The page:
Message by Archbishop Charles Jude Scicluna
This year I wished to deliver my message for this holy, Christmas season from a church that is small but very dear to us Maltese and Gozitans. This is the church we refer to as the Greek Church which is in Archbishop’s Street, Valletta, and which is not far, actually just a few paces away, from the Grandmaster’s Palace, the official seat of the President of the Republic.
In this church, which is entrusted to the Greek Catholic Community in Malta, we have a very precious icon which has been among us since 1530, almost 500 years, and which was brought over by a family who came together with the Knights from the Greek island of Rhodes. This icon is known as Our Lady of Damascus, or ‘Id‑Damaxxena’, and it was written around 900 years ago. I wish that everyone passing through Valletta and finding this church open, would enter and pray before this lovely depiction of the mother with her child, Jesus, hugging his mother. The child Jesus’ embrace with his mother, Mary, in this icon of Our Lady of Damascus, fascinates me greatly. It is as though Jesus does not simply want to hug his mother but to hold her close so that she will never leave him. It is a hug that shows how dear she is to him, a hug full of tenderness.
When Pope Francis was among us, he spoke to us, not just in words but also by his gestures, of the values of the Gospel, those of mercy, of tenderness, of loving care and also of closeness. This beautiful icon of Our Lady of Damascus expresses these values of the Gospel. The Madonna, with her large eyes gazing at and inviting us to not feel uncomfortable when drawing near to her Son. However, her Son is holding his mother close, like every baby that seeks to receive loving care, safety and comfort from his mother.
How good it is for us to show the same sweetness towards each other even when we disagree. Let us remember that our mother who gave us our identity, is a land of sweetness, a sweet land.
During the Christmas period, I wish each and every one of us the lovely experience of drawing near to the Lord who draws us close to him with bonds of love and mercy: “Out of great love, I had mercy on you”. This beautiful word that the prophet Isaiah gives us also expresses the great mystery that we are celebrating beyond the glitter, the lights, the decorations, the parties. On this holy night, this holy day, let us remember the love in the merciful hug of God and treat each other in a way that shows we truly value each other.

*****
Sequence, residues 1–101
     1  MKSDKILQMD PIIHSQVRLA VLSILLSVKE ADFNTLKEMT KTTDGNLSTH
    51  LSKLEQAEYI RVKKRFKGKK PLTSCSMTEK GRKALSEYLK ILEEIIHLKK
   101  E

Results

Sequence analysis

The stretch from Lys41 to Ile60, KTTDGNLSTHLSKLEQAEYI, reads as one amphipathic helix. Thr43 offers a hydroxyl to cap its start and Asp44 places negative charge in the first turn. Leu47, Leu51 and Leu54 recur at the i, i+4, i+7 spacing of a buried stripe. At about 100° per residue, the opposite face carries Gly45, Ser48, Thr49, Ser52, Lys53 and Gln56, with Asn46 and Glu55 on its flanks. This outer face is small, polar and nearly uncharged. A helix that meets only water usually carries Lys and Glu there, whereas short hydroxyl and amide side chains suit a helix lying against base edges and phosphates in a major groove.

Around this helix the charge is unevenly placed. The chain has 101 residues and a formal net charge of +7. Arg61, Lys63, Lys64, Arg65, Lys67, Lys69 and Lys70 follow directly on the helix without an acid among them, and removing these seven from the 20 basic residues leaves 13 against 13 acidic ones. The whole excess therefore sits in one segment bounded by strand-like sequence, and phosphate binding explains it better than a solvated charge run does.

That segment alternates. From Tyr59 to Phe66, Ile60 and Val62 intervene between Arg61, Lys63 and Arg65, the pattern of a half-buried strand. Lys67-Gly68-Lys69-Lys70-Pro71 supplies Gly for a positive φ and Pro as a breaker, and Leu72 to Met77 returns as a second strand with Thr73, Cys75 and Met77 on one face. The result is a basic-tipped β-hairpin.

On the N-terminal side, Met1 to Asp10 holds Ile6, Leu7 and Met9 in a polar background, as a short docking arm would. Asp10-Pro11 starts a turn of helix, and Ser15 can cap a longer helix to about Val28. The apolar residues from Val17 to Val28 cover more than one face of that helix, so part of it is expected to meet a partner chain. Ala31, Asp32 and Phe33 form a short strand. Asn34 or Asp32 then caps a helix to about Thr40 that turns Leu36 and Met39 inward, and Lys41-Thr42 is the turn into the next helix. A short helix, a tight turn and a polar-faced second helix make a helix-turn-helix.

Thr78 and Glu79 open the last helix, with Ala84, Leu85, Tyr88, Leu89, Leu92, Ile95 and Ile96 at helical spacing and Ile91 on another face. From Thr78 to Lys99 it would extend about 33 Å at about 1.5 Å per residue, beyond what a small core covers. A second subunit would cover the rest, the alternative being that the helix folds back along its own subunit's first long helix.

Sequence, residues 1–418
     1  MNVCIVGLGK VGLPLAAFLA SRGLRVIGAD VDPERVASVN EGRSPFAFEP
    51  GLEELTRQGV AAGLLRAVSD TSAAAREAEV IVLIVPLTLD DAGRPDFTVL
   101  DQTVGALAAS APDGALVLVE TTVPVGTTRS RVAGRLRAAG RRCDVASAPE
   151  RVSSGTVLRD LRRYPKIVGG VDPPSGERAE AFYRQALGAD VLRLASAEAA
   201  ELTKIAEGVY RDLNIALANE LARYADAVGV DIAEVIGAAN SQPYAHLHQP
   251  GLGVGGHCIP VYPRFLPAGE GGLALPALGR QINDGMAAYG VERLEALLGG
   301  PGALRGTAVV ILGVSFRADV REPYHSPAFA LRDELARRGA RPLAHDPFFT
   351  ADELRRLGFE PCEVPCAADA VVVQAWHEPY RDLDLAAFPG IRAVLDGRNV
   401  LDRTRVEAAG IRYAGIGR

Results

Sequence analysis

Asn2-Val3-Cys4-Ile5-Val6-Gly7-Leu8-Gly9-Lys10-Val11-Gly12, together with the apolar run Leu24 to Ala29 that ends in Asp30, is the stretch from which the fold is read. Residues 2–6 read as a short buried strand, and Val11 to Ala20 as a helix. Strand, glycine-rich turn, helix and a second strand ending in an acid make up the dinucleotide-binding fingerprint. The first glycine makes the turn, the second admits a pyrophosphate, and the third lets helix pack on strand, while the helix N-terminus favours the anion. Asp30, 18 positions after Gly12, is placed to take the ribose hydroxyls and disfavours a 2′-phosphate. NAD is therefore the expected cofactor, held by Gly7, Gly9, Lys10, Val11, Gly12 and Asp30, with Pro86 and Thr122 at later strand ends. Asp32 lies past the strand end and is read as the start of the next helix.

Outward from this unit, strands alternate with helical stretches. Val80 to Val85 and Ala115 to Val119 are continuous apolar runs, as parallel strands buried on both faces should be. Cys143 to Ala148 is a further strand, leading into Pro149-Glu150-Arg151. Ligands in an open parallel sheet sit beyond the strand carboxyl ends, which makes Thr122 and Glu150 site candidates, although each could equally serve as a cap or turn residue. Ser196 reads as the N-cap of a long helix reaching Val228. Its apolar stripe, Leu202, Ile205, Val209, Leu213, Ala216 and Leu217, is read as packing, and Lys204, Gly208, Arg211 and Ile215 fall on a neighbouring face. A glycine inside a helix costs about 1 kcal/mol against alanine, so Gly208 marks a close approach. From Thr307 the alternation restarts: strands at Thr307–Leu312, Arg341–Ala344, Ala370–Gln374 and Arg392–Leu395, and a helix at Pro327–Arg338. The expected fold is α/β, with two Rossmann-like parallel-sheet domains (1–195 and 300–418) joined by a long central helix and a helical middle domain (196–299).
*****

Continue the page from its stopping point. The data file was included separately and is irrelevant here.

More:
This year, I also wish to commemorate during my short message a centenary that is dear and important to us Maltese and Gozitans. It was the 27th December 1922, exactly 100 years ago, that the Maltese National Anthem was performed for the first time at the Manoel Theatre, with music composed by Robert Samut and also the carefully chosen and dear words of this prayer bequeathd to us by the national poet, Dun Karm,
I wish to pray over our country, so that the Lord will continue to gaze upon us with a look of mercy, that we may remember the sweetness of Malta. After all, these words, ‘protection’ and ‘sweetness’, remind us of the origin, of the meaning of the word, ‘Malta’. ‘Malta’ is derived from ‘honey’ and the ‘sweetness of honey’. How good it is for us to show the same sweetness towards each other even when we disagree. Let us remember that our mother who gave us our identity, is a land of sweetness, a sweet land.
Let us pray to the Lord to remember to always protect Malta, that is, not to just look upon us with a look of mercy, but to protect us. We were always a refuge. Another word that explains ‘Malta’ is a ‘place of safety’, a place that offers protection, as the mother’s womb also needs to be; a place that protects. Let us pray to the Lord to remind us that he not only adorned us, our Malta, with sweet light, with the greatest light of his word and of the Gospel through our Father, the apostle St Paul, but also to give the Maltese wisdom, strength, mercy, and above all the gift of unity.
As I join you in commemorating the first centenary of the Maltese national anthem, I also join our people in order to ask God for every blessing upon our country. And I also wish you a year full of love, of mercy, of closeness to one another, beneath the gaze of the mother of Jesus, the mother of love, tenderness, the mother of mercy.
I wish to extend special greetings to the Maltese and Gozitans who are residents or emigrants away from our shores. My greeting is not just from one of your brothers, but from a Maltese person like you who cannot forget our roots.
While commemorating the first centenary of the Maltese National Anthem, let us remember this sweet land that gave us our identity. Let us also remember that light that the Lord bathes it in, and ensure that our reputation as Maltese and Gozitans will always bring it honour and be a beautiful presence in the world. Despite our country’s small size, we are still called to be a protective and sweet presence in the human family.
I sincerely wish you a peaceful Christmas and a year filled with blessings and good fortune.
✠ Charles Jude Scicluna
Archbishop of Malta